Cover Image: The Bill of Obligations

The Bill of Obligations

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Member Reviews

Richard Haass is best known as a thoughtful, middle-of-the-road commentator on international affairs, and that's what his previous books have been devoted to. Here he turns his lens instead to how we can do better at home. While he draws on his knowledge of other countries, the focus is on preventing crises at home. Some of his recommendations are more structural and some are more personal, but all are wise. I share his concern that the US is at some risk of fracturing, particularly if there is another close, disputed election: If the 2000 election occurred today -- effectively a tie -- one hates to think what the Trumpists might do to win, and how the rest of the country would respond to another attempted theft of a presidential election. This book is part of the toolbox to prevent such a crisis, and it's a good one.

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Author Richard Haass is the former president of the Council on Foreign Relations, a nonpartisan think tank about foreign policy. His experience and deep knowledge of democracy and citizenship is clear in this book.

The premise of "The Bill of Obligations" is that Americans are passionately protective of their rights, but often fail to recognize the counterbalance of those rights— our responsibility to guard and protect our democracy through civics and citizenship. Haass suggests ten obligations to this end;
1. Be informed
2. Get Involved
3. Stay open to compromise
4. Remain civil
5. Reject violence
6. Value norms
7. Promote the common good
8. Respect Government Service
9. Support the Teaching of Civics
10. Put country first [above party]

"The Bill of Obligations" was written after Jan 6th and references the insurrection, but I don't think the book feels partisan. Haass quotes leaders and presidents of both parties and simply calls for "truth" to be prioritized.

After I got going, this was a quick read. Over 1/3 of the book consists of "notes". The chapters are short and meaningful. The resources are also fantastic. Plenty to think about here.

My thanks to the author, publisher and #NetGalley for providing me with an ARC.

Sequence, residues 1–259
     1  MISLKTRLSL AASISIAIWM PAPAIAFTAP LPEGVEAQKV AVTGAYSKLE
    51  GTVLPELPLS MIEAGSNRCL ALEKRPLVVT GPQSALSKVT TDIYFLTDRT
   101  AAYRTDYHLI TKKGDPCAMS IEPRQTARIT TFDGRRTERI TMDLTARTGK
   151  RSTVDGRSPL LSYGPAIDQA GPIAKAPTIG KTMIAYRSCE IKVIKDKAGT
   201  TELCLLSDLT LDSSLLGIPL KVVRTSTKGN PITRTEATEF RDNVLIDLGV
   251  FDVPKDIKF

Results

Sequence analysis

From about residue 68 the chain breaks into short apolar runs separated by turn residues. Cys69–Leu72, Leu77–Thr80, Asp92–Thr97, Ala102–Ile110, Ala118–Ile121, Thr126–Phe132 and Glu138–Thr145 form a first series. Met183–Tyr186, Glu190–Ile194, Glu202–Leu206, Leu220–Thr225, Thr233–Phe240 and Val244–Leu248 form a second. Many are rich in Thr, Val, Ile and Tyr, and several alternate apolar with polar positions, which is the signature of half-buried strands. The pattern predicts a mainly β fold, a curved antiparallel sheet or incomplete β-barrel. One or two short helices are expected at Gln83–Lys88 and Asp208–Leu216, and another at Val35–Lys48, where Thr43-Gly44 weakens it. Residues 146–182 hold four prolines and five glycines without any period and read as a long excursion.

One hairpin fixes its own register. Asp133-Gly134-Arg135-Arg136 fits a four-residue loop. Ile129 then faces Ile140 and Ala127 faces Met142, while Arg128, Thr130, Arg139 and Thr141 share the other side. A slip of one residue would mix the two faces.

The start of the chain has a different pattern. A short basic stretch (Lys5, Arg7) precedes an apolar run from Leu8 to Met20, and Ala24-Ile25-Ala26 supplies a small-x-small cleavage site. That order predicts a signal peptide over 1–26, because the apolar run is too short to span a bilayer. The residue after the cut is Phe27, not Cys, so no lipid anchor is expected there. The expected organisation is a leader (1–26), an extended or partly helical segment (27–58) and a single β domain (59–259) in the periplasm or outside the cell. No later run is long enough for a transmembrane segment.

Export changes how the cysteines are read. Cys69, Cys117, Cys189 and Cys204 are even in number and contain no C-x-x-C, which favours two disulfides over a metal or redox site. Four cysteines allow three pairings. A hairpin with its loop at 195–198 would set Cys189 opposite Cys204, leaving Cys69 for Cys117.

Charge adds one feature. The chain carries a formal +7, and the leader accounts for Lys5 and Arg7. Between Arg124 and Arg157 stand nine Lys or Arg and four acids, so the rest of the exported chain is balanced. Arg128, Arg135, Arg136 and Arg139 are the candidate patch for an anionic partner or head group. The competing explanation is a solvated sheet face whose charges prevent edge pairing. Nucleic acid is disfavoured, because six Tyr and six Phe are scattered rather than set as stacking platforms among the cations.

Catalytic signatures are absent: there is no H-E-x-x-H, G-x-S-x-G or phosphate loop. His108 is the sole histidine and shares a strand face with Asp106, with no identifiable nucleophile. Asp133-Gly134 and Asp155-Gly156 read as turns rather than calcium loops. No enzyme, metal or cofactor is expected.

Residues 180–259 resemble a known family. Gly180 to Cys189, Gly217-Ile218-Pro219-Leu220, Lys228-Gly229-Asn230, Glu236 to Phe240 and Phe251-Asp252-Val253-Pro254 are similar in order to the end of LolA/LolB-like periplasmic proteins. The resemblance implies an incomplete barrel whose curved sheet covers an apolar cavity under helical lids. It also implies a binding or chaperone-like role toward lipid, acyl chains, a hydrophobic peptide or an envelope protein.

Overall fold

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THE BILL OF OBLIGATIONS by Richard Haass offers a new perspective on the relationship between American people and their government. Whereas the focus has increasingly been on individual rights (e.g., second amendment right to bear arms), Haass explores the concept of obligation of citizens to the country and describes "The Ten Habits of Good Citizens." He begins that list with "be informed" and "get involved." Other ideas include staying open to compromise, rejecting violence, valuing norms, and respecting government service. I found the section about teaching civics to be particularly relevant and look forward to sharing this text with high school teachers. Dr. Richard Haass is president of the Council on Foreign Relations, an experienced diplomat and policymaker, advisor to multiple Presidents, and a prolific author. THE BILL OF OBLIGATIONS is a very accessible text and could prompt numerous discussions (e.g., what examples can students find of placing the country and U.S. democracy above party and person?). Also, the "where to go for more" section is fabulous, with references to the National Archives as well as writings by numerous historians (Hofstadter, Lepore, Schlesinger, Jr., Tuchman, Zinn are just a few), and to presidential speeches and biographies. He cites several texts which we have previously reviewed: Last Best Hope, How Democracies Die, or The Upswing; plus specific newspapers, magazines and podcasts. THE BILL OF OBLIGATIONS is definitely worth a look for Haass's arguments and his sources (notes encompass about a third of the book)! Here, for example, are some relevant websites he recommends:
National Constitution Center and its Interactive Constitution
Common Sense Education
Khan Academy
Leonore Annenberg Institute for Civics
American Citizenship test questions

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